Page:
How climate change will impact the kinds of trees that can survive in your Florida yard
As sea levels rise, saltwater intrusion and heat will create challenges for certain plants and trees to survive in the coming years, and Florida is on the front lines.
A new interactive map shows how climate change will affect plant hardiness zones in Florida, as people will soon have to plant different tree species in their yards and parks.
The U.S Department of Agriculture already puts out what's called a plant hardiness zone map to help people understand which trees and plants are best suited for the region in which they live.
Dan Lambe is the chief executive of the international nonprofit Arbor Day Foundation, which partnered with Davey Tree Expert Company to combine that information with global warming data to create another map showing plant hardiness zones from 1980 through 2099.
Click here to look up your zip code on the interactive map.
“This map helps homeowners visualize how a warming climate will determine which trees and plants will thrive in their neighborhoods. And it really is not a planting guide as much as it's a reminder for people that climate change is here and we've got to be ready,” Lambe said.
"If we're going to invest the time, and if we're going to invest the money in planting trees, we want to make sure those trees survive and thrive. And so, we're helping people be thoughtful about what they're planting today that can live and thrive for decades to come.”
According to Dan Herms, vice president of research and development for Davey Tree, rare species with very limited distributions in northern Florida which are in danger of extinction in the state and potentially range-wide include the Florida Torreya: a rare glacial relic, and Florida corkwood: a rare colony forming shrub in coastal wet areas of northern Florida.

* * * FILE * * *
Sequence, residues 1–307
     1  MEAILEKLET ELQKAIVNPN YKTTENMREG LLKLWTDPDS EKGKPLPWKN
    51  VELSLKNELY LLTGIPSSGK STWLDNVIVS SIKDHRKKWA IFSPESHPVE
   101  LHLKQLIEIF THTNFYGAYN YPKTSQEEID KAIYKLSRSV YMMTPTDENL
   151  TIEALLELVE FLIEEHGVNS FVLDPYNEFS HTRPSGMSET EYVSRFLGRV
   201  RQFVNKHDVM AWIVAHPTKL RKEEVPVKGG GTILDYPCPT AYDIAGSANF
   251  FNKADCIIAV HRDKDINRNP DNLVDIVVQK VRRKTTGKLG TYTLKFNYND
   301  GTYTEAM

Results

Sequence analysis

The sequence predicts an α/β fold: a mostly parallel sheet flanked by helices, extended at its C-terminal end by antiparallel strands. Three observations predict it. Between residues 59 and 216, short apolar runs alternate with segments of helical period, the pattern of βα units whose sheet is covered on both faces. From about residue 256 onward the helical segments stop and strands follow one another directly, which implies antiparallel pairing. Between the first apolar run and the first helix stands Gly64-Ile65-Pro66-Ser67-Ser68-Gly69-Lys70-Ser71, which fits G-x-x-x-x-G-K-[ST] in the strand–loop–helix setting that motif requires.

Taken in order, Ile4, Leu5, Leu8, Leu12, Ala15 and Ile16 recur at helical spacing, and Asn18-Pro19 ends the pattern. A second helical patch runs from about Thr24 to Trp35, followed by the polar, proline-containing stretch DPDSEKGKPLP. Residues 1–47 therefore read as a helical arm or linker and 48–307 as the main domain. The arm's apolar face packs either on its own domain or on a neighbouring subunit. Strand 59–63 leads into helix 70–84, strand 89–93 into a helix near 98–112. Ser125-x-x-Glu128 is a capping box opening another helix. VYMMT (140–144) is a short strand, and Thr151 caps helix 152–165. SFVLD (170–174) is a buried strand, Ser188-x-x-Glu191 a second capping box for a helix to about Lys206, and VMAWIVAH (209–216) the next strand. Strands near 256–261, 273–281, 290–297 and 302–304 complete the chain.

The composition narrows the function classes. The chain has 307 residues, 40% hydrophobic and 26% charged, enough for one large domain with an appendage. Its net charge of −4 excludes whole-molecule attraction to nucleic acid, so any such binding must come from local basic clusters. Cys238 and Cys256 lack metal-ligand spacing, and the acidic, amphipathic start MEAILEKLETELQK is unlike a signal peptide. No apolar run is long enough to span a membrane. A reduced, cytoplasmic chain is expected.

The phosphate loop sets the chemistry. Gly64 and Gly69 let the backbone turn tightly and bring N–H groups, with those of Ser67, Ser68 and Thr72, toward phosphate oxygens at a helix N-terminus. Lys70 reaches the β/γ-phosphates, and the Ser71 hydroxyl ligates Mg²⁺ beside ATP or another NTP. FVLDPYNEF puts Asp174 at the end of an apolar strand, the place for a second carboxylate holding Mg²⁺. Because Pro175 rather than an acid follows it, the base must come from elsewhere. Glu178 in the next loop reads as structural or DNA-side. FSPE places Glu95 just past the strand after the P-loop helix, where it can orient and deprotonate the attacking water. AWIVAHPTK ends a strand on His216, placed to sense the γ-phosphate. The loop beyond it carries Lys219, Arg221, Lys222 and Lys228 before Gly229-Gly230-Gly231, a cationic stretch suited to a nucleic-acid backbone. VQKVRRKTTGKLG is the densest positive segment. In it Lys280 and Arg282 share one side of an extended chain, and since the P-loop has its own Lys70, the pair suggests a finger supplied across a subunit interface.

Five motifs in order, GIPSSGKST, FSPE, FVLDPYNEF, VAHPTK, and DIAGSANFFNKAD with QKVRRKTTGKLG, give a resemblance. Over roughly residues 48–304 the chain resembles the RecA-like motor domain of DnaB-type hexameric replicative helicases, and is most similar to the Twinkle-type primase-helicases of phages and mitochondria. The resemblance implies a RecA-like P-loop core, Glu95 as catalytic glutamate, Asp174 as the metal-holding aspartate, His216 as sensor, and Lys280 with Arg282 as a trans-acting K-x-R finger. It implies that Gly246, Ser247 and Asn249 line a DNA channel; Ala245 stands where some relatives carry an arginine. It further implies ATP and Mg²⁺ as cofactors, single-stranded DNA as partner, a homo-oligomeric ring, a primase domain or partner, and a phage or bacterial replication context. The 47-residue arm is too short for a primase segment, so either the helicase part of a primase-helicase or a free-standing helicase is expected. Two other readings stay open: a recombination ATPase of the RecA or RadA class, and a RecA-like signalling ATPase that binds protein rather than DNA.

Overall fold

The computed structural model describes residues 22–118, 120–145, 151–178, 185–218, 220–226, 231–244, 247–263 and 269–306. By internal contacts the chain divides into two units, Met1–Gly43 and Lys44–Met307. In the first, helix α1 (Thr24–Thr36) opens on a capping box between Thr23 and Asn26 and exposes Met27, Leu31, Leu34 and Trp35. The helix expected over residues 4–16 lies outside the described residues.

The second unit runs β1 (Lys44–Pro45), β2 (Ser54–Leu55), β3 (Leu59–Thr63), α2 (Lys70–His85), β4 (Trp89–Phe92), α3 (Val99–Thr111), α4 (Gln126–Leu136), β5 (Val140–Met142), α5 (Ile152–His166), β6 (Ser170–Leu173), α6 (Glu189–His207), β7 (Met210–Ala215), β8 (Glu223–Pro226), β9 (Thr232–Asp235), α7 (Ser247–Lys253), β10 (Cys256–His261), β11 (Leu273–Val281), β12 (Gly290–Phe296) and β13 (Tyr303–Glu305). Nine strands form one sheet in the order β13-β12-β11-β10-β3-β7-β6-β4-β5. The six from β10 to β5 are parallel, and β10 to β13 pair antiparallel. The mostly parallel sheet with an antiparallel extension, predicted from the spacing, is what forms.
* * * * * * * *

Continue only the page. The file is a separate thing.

Herms also shared a list of widespread eastern tree species with southern limits of distribution in northern Florida that are at risk of extirpation, which means a species no longer exists in the wild in one location, but occurs elsewhere. These are not at risk of extinction because they are so common throughout the eastern U.S.
They include the shortleaf pine, Eastern cottonwood, river birch, white oak, Southern red oak, American sycamore, Sassafras, and American beech, among others.
“In general, species are most vulnerable to climate change at the southern limits of their distribution where they experience most stress from heat. At the northern range of their distribution, they have the potential to migrate farther north as climate changes,” Herms said in an email.
An example he gave is white spruce in the Arctic, which is migrating into the formerly tree-less tundra. Paper birch and sugar maple are other species that are increasingly stressed at the southern range of their distribution and will migrate north.
“One of the biggest questions: Can trees migrate fast enough to keep up with the rapidly changing climate? Most trees have wide enough distributions that they are not at risk of extinction. Trees with narrow distribution are more at risk, especially if they face multiple threats,” Herms said.
Whitebark pine is an example of that. It’s a high-altitude pine in the Rocky Mountains, which has been listed as an endangered species by the International Union for Conservation of Nature because it has limited places to migrate, it suffers from a bark beetle infestation, and is diseased by white pine blister rust.
Dan Lambe encourages people to plant native trees, but also diversify tree species to prevent against disease, insects and a changing climate.
"Planting trees and managing forests can help to protect and preserve some of those critical ecosystems," Lambe said, "especially in the wake of the increasing natural disasters that we're experiencing from fires to floods to hurricanes and tornadoes."